Kazakh government will intercept the nation’s HTTPS traffic

Kazakh government will intercept the nation’s HTTPS traffic

Tnternet service providers (ISPs) based in Kazakhstan are being instructed to force their users to install government-issued root certificates on their devices to allow agencies to intercept web traffic.

The increasingly-widespread Hyper Text Transfer Protocol Secure (HTTPS)refers to the transmission of data, ordinarily channelled via HTTP, sent instead over an encrypted connection. It’s said to raise the level of security and privacy for web users.

The Kazakh government, however, has taken concrete steps towards bypassing this added layer of protection by launching an encryption-busting Qaznet Trust Certificate in the nation’s capital Nur-Sultan, according to local media. This is more commonly known in security circles as a man in the middle (MiTM) attack.

When users install the certificate, government agencies are allowed to decrypt the HTTPS internet traffic, examine its contents, and re-encrypt the information with the certificate once more before it’s sent to its destination.

The measures may undermine user privacy, with agencies now able to assess the websites a user visits, but the government has justified this by citing security concerns. One advantage, the vice-minister for digital development Ablaykhan Ospanov has claimed, is that it blocks users from visiting known phishing sites.

One Kazakh-based provider, Kcell JSC, has also published an advisory page explaining how users can install the root certificate onto their devices, blocking internet access to devices that haven’t implemented the tool.

“The security certificate will help protect the information systems and data, as well as to detect hacker and cyber-attacks of the Internet fraudsters on the country’s information space, private and banking sector before they can cause damage,” the advisory said.

“The security certificate is a set of digital characters used to transfer traffic that contains protocols supporting encryption. Thus, it will allow local Internet users to be protected from hacker attacks and viewing illegal content.”

The move was first attempted in 2015 but ended in failure after a host of organisations took legal action against the Kazakh administration.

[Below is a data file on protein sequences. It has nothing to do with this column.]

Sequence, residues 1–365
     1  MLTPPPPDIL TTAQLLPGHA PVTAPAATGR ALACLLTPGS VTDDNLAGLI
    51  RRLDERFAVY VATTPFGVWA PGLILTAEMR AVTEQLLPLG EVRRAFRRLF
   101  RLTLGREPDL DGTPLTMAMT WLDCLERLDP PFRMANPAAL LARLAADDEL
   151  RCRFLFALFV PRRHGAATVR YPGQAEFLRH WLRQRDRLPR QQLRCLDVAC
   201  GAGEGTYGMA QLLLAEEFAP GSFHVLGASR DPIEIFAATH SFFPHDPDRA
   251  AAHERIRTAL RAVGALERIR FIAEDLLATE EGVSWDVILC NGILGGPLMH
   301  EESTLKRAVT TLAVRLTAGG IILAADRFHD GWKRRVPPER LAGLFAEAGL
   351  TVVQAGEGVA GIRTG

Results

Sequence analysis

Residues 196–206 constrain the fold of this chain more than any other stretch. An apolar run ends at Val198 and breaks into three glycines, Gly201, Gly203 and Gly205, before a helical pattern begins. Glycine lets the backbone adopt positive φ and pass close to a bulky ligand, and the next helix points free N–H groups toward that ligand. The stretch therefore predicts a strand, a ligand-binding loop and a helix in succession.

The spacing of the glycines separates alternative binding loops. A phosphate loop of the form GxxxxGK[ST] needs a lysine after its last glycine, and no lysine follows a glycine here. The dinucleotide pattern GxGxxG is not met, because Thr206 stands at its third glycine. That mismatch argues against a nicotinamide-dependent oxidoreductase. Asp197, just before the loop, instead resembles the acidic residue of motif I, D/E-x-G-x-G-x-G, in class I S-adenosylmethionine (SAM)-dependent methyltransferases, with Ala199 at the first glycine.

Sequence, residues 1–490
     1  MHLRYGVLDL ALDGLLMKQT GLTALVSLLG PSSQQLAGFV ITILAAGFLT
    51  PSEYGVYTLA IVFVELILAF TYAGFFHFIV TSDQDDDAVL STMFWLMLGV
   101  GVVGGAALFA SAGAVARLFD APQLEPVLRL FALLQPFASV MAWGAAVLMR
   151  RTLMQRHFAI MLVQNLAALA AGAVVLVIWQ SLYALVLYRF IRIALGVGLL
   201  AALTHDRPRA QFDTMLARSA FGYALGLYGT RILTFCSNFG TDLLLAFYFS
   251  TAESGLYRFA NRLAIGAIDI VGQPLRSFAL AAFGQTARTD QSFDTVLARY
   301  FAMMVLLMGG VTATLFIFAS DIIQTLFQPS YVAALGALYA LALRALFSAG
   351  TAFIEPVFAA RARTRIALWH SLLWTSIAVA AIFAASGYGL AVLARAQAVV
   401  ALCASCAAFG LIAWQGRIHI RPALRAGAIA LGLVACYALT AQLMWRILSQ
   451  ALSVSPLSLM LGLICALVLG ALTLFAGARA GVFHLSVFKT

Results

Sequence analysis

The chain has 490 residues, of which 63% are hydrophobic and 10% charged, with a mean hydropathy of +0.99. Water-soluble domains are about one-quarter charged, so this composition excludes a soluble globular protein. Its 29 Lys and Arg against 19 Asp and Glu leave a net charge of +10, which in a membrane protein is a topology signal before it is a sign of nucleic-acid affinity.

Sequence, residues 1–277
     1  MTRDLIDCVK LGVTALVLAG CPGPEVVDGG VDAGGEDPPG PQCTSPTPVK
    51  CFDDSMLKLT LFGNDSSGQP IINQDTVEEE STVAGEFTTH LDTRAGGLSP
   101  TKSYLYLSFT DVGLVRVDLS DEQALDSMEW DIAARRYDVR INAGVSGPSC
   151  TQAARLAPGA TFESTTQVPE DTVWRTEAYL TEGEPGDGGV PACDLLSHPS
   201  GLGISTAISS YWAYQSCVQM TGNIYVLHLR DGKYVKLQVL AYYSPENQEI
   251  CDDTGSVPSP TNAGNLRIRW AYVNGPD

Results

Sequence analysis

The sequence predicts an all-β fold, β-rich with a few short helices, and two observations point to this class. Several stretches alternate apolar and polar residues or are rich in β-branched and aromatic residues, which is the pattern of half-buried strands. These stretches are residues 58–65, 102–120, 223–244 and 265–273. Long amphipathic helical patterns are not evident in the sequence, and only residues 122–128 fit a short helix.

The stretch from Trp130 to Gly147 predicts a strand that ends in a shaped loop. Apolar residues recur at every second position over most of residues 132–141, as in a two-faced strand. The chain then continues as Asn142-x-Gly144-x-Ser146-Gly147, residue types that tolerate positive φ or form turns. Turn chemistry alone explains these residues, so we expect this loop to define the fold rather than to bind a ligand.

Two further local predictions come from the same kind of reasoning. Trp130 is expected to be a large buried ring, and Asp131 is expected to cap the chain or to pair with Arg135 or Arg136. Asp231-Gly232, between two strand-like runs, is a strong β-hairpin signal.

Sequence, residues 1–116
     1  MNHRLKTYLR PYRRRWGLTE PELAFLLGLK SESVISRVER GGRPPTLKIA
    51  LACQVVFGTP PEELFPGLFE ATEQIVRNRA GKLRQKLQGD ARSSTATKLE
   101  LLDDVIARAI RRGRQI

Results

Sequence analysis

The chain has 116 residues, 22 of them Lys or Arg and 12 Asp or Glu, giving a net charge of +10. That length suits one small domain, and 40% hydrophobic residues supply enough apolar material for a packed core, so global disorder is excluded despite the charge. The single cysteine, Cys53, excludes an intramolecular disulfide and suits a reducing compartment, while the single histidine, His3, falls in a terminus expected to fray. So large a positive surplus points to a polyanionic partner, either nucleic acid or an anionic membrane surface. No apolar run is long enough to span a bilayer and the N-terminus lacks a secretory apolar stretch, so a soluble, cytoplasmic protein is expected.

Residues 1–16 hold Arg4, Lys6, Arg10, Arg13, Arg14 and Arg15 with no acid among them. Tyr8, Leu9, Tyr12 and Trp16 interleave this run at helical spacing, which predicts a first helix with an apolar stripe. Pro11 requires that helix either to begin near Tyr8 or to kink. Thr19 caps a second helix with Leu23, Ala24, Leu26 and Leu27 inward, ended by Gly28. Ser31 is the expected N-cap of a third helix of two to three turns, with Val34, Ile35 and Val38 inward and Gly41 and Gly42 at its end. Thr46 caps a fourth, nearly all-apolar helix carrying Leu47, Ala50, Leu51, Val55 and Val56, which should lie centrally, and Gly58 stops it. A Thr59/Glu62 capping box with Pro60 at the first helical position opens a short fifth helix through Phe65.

In light of these developments, web developers have rekindled an old thread on Google Groups in which they’re discussing Kazakhstan’s measures and how to protect users from such “attacks”.

The advent of the internet has been a thorn in the side of authoritarian regimes due to its inherently open nature. Governments of all stripes from across the world have attempted to control its citizens’ use of the web in one flavour or another throughout recent history.

The Russian government, for example, has suggested taking the extreme step of building its own iteration of the world wide web. President Vladimir Putin rolled out plans in February to build its own self-sufficient segments to avoid foreign interference, according to Reuters.

China has held longstanding ambitions to build its own search engine with Google roped into a controversial programme known as ‘Project Dragonfly’. The project, which was recently shelved, aimed to build its version of the world-famous engine designed to work within the strict parameters of censorship law.

Even the UK’s Conservative government has faced criticism from privacy campaigners for its plans to order ISPs to implement automatic content blocking for certain websites.

Under the government’s proposals, providers will task the British Board of Film Classification (BBFC) with implementing age checks on websites of which more than a third of the content is deemed ‘pornographic’.

Although these plans were announced more than five years ago, they have failed to materialise and suffered several delays due to continued legal and technical concerns.

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